* Stress very big contributing factor as to why so many dogs pull on their lead (see also Leash stress). This is because all the reasons listed on the chart above with a * next to them cause the dog's stress levels to rise. These high levels of stress produce chemicals in the dog's brain and body which inhibit the dog's pain sensitivity and make it pull even more, despite the obvious discomfort that the dog is in. It is a vicious circle that is hard to break, but can often be done by -

 

changing the environmental photo that the dog has while walking on a lead.

This is done by attaching the dog's lead to a comfortable and well-fitting HARNESS, which -

  • Stops the painful throat and neck strangulation sensations and therefore the environmental photo and trigger that the dog has built up a strong association with.
  • Changes the dog's center of gravity by evenly distributing the dog's weight around its shoulders with the PADDED STRAPS OF THE HARNESS (see the Harness  section of this website which recommends various styles of harness that are comfortable and effective).
  • Beware of using harnesses with thin straps or straps with harsh edges, these types can cut into the dog's skin when it leans against these shoulder straps - the discomfort and pain will have similar effects to that of a collar.
  • Does not damage or distort the dog's throat, neck and back muscles because the dog is not trying to pull its head and neck forward when the lead was attached to the dog's collar.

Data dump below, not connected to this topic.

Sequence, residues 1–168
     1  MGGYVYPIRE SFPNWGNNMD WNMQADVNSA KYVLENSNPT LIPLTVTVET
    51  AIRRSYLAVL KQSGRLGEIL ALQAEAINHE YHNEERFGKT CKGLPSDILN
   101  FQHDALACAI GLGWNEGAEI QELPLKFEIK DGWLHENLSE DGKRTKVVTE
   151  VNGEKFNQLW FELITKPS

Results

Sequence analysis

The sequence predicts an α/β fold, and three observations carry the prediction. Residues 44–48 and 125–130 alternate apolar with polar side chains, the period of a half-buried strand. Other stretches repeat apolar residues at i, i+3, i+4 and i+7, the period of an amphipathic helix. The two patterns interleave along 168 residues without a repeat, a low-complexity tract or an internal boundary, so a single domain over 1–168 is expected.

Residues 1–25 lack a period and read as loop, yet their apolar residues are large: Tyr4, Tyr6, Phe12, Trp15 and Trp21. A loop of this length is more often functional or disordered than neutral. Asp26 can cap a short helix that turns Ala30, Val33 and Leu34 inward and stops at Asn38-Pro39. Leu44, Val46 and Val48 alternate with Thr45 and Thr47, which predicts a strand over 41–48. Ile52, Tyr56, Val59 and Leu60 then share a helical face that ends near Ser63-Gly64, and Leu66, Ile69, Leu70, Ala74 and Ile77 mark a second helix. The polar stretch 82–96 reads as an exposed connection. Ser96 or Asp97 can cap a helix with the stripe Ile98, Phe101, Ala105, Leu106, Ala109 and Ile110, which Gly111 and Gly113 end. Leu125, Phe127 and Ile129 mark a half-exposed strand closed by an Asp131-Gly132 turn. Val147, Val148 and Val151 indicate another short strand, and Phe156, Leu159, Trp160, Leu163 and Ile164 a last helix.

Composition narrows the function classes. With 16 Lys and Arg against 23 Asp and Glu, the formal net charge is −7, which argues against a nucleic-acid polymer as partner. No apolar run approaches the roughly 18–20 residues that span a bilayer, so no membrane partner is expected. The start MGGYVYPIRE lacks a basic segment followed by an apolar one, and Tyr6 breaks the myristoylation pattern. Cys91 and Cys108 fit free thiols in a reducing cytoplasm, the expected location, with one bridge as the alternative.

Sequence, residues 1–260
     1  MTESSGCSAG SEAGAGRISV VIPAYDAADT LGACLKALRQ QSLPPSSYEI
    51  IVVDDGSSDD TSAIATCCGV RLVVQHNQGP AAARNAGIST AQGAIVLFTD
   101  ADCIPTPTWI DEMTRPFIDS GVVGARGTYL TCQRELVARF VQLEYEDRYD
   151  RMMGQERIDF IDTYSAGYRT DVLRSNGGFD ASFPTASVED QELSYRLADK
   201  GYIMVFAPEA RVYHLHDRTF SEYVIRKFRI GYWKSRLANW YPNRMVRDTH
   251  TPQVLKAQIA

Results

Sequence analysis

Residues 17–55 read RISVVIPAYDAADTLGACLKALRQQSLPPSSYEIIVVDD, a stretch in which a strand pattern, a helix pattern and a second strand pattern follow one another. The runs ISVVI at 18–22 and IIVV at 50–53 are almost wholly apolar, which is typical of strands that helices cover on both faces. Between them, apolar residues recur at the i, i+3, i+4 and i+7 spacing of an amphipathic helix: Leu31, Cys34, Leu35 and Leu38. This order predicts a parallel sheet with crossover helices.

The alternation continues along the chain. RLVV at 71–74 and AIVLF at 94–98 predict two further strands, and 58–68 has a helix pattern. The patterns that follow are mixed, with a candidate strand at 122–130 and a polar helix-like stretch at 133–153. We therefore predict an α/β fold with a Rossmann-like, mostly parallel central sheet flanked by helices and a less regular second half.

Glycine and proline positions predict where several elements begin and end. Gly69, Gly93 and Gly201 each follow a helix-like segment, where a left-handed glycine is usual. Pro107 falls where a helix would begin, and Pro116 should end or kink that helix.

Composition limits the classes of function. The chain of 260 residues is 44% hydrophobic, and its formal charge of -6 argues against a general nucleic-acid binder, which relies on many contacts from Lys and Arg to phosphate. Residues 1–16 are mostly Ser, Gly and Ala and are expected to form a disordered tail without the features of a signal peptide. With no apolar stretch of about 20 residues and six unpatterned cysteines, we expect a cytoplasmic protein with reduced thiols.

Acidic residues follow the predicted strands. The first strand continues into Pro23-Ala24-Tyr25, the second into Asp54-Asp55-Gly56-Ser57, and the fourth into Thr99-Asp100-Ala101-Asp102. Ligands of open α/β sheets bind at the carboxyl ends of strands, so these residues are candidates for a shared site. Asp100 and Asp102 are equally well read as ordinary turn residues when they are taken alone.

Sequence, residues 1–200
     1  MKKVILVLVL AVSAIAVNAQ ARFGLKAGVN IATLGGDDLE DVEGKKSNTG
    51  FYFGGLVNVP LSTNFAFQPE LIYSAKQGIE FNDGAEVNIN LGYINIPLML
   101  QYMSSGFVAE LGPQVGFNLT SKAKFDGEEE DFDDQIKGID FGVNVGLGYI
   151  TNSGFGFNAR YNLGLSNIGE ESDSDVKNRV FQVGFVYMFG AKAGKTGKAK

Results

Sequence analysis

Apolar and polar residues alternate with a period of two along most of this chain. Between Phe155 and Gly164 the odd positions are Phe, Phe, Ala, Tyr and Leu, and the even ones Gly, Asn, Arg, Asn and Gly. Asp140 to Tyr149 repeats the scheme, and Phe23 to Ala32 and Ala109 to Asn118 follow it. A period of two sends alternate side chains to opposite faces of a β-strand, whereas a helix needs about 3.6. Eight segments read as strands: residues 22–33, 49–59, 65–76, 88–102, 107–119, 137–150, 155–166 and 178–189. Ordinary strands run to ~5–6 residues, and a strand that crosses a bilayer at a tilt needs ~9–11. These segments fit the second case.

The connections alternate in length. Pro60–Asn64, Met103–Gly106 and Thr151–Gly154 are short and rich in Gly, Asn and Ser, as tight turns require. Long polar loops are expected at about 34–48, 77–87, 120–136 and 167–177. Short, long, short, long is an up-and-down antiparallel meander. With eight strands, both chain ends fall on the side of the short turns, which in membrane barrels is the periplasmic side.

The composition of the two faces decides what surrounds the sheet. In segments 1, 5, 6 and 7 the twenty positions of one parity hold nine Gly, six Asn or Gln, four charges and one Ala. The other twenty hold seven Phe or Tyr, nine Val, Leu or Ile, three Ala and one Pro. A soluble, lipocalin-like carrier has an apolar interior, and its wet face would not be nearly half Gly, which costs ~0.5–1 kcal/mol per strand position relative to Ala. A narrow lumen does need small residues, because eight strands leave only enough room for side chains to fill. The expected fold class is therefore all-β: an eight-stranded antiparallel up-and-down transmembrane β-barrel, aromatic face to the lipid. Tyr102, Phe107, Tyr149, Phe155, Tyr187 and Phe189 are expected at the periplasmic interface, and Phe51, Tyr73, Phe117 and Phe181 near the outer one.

• A very experienced animal chiropractor friend (who has been working with all shapes and sizes of dogs for over 10 years) has confirmed that a large proportion of the injuries to dogs that she treats are caused by dogs continually pulling on their collar and lead. She strongly recommends the use of well-fitting comfortable harnesses which do not cause these very painful symptoms.
  • Enables the dog to lower its head while walking with a harness and lead and use its amazingly sensitive nose to exercise and stimulate its brain and working instincts. Because the dog needs to be calm and unstressed to concentrate on the scents around it, it will consciously make the effort to lower its stress levels so that it can really "read the newspaper" (see Smell for a detailed explanation about dogs amazing abilities to use their noses).
  • Another benefit of using a harness rather than a collar is that it gives the dog far more freedom of body movement and posture to make Calming Signals to other dogs (and humans) that it meets. This is particularly useful for dogs that seem to be either "aggressive" with other dogs or "victims" of unprovoked aggression when meeting other dogs on a collar and lead. The underlying reason for this type of behaviour is often caused by the dog being unable to display the correct greeting and claming signals when approaching other dogs. When the dog is walked on a harness it is able to communicate more freely and these behavioural problems soon disappear.
  • But I think the biggest benefit of walking on a dog on a harness is that the dog's long-term stress levels drop dramatically due to the removal of all the stressful causes and symptoms of walking a dog on a collar and lead (see items marked with a * in the flow chart at the beginning of this web page).

 

This web site has been written by Sally Hopkins (unless the author of the web page is stated otherwise).